Degenerative Fill - Regional News | Connecting Wellington
 Issue 216

 Issue 216

Degenerative Fill by Alessia Belsito-Riera

When Wellington comedian Steve Wrigley departed for the New York countryside with his “heavily preggo wife” in 2018, he didn’t expect more than five years to pass before he would enjoy a Fidel’s brekkie again… you know, because COVID. Pandemic notwithstanding, Wrigley kept himself busy, becoming a regular fix on the New England comedy scene, touring alongside Rhys Darby, and releasing his debut album. The comedian also unearthed a new passion: Dungeons & Dragons (D&D), where he discovered a vibrant tapestry of storytelling and imagination that rivalled the thrill of live comedy. Armed to the teeth with a fresh arsenal of jokes spanning the pandemic, politics, and possibly (definitely) D&D, the former 7 Days star returns to Wellington with Degenerative Fill at Te Auaha from the 4th to the 6th of April.

Did you experience culture shock moving to the USA?

America is special to me. I feel like I was sold a bill of goods in a lot of ways, but I love it. I think my exposure to America via TV and film formed a very specific idea of what it was like. I knew it wasn’t going to look like Full House... but I really don’t think I was prepared for the American Dream to be as much smoke and mirrors as it was. The longer I’ve been here the more that culture shock has worn off. I understand Americans now in a way I never would have if I hadn’t lived here for over a decade. I love them and I love being among them.

What is the US comedy scene like?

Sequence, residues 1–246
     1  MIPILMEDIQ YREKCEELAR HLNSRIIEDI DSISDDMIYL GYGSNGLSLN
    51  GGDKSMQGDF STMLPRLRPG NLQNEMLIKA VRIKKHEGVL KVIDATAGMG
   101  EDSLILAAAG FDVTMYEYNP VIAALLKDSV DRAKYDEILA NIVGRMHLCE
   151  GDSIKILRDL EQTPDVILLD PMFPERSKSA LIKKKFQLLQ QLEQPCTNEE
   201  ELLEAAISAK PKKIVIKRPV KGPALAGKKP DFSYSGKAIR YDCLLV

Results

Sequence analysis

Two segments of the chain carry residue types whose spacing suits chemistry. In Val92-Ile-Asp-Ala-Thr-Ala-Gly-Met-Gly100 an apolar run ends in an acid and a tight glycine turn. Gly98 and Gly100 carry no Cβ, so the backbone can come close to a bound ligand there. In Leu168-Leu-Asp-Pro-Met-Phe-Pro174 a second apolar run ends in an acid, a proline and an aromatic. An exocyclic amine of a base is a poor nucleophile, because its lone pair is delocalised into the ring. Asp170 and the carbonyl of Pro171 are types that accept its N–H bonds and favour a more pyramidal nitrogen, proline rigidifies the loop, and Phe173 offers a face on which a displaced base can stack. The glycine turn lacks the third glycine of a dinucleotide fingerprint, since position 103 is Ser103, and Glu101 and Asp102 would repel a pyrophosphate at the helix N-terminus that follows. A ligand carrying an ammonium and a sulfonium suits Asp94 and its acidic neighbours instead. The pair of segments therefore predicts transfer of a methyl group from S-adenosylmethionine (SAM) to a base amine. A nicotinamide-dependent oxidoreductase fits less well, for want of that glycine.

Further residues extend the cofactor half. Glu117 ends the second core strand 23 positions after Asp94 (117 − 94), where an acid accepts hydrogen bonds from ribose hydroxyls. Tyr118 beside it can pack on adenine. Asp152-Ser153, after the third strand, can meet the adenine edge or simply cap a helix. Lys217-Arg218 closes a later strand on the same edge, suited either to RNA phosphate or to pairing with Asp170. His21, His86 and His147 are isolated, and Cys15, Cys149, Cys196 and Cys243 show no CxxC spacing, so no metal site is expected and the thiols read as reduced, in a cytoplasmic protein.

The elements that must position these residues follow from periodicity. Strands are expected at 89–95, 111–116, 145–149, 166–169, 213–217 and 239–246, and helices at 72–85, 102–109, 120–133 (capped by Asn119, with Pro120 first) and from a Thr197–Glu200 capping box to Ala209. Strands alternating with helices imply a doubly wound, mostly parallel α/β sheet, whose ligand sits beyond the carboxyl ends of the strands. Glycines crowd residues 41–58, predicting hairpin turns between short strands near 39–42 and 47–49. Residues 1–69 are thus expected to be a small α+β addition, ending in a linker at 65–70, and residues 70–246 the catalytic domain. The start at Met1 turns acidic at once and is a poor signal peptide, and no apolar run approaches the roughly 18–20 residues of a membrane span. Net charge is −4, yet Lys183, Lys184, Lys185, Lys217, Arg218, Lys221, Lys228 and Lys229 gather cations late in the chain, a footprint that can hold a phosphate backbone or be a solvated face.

Three words – two drink minimum. In New Zealand the show is the thing, we aren’t typically trying to sell fried food at a markup and squeeze every last drop of cash out of the crowd. That’s part of what you have to train for if you are going to be a club comic here. But because of that, you can’t take the stage time you get for granted like I think you can at times in NZ.

Are there similarities between D&D and stand-up?

Many! It’s all about ‘prepare and care’ as a game master, and then role playing a version of yourself you wish existed when you sit at the table as a player. As a comic you do both. You have to prepare for the session, have a plan where you want things to go and how you want them to play out, but be prepared for the plan to get derailed and have to think on your feet. The Steve Wrigley that exists on stage is as real as the Tiefling cleric I run when I play D&D. They are both figments of my imagination that I can inhabit and puppet.

What are you most excited for when you’re back in Welly?

Walking everywhere and getting coffee with people I love. I cannot wait to reconnect with the family of friends I made over a lifetime in the Wellington arts community. We have so much to catch up on... and lots of cafés to catch up in!

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